bers. The people of Sandy and vicinity
are elated over the prospects of get
ting rsllwsy communication with Port
land, aa they feel that It will mean the
rapid development of this district.
Bribe Fund Laid to As
sociate Lawyer.
Franklin Says Darrow Tried to
Give Him Warning.
Wltne-w, Somewhat I'nwllllngly, Re
cite Kfforta to Brine Venire
men, Some of Whom Re
fused His Proposals.
LOS ANGbLKS, May II. Job Harrl
man, late candidate for Mayor of Los
Angeles on the Socialist ticket sst to
day within the bar at the trial of Clar
ence S. larrow for alleged Jury brib
ing and heard himself accused of he
Ing the men who hsd provided Darrow
with the alleged bribe money.
Later In the day he heerd the ssme
witness. Bert II. Franklin, testifying
for the State, quote Parrow aa saying
to him: "If you mention my name, I
want you also to mention what you
know about Job Harrlman.
Sensations were crowded thick and
fast Into today'a sessions of tha trial,
following each other In such rapid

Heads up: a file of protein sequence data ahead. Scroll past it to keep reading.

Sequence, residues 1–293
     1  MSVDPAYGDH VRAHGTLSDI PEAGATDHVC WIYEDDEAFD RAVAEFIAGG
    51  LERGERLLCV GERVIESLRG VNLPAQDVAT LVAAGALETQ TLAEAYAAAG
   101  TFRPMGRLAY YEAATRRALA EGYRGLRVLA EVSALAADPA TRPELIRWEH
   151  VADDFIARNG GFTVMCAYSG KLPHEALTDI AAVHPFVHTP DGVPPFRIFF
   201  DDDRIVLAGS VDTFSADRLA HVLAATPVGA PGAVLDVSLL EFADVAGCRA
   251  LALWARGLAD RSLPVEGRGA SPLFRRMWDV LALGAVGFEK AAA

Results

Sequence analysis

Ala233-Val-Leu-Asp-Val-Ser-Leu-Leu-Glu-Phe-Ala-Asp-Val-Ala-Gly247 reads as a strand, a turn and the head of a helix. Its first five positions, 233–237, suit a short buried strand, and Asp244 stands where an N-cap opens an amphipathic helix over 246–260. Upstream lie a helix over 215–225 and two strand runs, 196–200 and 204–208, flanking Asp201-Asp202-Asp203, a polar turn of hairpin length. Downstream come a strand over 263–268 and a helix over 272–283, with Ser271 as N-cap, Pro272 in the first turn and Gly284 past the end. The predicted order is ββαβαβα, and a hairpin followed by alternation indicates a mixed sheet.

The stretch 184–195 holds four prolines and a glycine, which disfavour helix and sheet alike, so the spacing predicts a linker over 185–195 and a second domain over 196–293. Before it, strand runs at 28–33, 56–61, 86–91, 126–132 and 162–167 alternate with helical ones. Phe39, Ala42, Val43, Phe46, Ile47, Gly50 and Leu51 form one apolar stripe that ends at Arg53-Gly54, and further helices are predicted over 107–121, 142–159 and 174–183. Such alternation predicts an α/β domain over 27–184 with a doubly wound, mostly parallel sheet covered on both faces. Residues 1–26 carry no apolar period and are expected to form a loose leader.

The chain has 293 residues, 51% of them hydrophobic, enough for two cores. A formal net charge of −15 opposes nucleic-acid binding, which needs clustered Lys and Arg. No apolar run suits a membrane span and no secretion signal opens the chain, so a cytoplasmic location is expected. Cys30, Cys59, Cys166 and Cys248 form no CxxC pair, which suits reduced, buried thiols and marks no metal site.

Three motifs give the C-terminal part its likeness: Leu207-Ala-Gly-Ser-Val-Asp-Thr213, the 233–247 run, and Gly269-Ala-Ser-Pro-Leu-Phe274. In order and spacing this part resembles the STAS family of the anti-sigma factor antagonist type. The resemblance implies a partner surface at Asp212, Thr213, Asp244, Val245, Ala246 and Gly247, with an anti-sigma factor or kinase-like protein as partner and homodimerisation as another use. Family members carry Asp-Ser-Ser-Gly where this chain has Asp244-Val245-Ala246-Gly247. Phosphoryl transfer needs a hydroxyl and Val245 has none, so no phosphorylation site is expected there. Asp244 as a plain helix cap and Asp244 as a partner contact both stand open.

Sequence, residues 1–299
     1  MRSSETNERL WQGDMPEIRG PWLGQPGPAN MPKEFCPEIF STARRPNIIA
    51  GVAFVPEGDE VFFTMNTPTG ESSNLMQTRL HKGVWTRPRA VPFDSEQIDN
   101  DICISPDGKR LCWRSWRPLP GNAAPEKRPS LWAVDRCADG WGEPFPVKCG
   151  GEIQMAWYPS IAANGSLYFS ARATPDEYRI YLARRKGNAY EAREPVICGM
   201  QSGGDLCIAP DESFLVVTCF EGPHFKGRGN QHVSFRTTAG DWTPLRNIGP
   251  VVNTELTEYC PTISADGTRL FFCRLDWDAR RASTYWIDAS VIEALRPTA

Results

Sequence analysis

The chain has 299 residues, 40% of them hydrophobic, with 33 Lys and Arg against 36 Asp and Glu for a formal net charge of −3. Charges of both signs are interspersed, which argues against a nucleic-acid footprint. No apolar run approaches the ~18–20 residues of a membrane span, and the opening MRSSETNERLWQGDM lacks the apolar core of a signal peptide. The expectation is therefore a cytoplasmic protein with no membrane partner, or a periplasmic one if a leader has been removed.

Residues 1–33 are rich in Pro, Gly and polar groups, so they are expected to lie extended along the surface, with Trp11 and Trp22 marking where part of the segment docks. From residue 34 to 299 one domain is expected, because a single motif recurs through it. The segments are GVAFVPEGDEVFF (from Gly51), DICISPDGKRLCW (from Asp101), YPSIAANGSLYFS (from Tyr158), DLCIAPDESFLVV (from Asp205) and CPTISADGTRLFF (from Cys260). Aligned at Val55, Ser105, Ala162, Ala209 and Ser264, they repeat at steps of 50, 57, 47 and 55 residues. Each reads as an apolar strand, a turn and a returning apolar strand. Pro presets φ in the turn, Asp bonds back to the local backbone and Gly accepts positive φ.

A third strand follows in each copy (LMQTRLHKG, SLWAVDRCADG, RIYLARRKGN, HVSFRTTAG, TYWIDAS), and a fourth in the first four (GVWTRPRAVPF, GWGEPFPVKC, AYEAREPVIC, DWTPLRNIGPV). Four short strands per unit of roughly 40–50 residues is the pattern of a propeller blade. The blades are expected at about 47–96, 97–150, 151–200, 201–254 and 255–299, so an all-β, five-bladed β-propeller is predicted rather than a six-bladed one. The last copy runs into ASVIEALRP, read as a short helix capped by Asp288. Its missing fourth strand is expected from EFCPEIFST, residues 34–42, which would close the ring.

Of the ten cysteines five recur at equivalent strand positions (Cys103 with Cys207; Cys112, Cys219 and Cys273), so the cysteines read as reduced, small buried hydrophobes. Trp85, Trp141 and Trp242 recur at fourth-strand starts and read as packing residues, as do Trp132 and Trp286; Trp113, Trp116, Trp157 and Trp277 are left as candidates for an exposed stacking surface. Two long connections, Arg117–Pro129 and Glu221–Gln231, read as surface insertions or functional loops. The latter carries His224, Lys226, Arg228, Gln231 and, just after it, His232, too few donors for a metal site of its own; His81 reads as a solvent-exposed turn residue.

succession thst the entire dsy might
be described aa one continuous thrill.
culminating In the beginning of a
rapid-fire croas-examtnetlon of tha
State's principal witness by Chief Coun
sel Rogers for the defense.
Wltaeaa at Tl-aee t'awtlttaa;.
Franklin's testimony on direct ex
aminatlon todsy waa at tlmea dramatio
In tha extreme, the witness departing
from his apparent willingness to tell
all he knew to a seeming loathneea to
give evidence concerning close friends
whom he subsequently drew lata Ms
story of Jury corruption. Twice he ap
pealed to the court, once when ha
waa asked to name a man who was
said to have offered a bribe to a venire
man with whom he waa negotiating
and again when Assistant District At
torney Fredericks asked him to give
the names of three men whom he had
approached with offers of bribes.
For the first time since the arrest of
Franklin, snd the Indictment of him-
(Concluded on Pass 2.
Four Said to Have Admitted Unlit
and One Councilman Has Been
Placed in Jail.
(Special.) The most sensational graft
exposure In the history of the city. In
volving Councllmen Samuel rhoebus,
Ous Kessler. William Malta. Jamea
Lena. Harry Dougherty and four oth
ers whose names are not disclosed, waa
made today when It became known
that William J. Burns, the detective,
using the same methods ss he em
ployed on the Ohio Legislature and to
land Aba Ruef In San Francisco, had
trapped four Icto confession snd
placed Dougherty In Jail for further
healing on a charare of accepting graft
for their support In securing the "con
crete boardwalk bill.- the million dol
lar operation openly branded aa a